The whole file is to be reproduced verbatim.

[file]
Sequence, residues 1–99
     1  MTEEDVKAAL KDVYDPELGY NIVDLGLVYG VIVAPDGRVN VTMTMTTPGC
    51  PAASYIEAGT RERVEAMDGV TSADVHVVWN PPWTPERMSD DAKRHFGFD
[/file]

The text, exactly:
Sequence, residues 1–99
     1  MTEEDVKAAL KDVYDPELGY NIVDLGLVYG VIVAPDGRVN VTMTMTTPGC
    51  PAASYIEAGT RERVEAMDGV TSADVHVVWN PPWTPERMSD DAKRHFGFD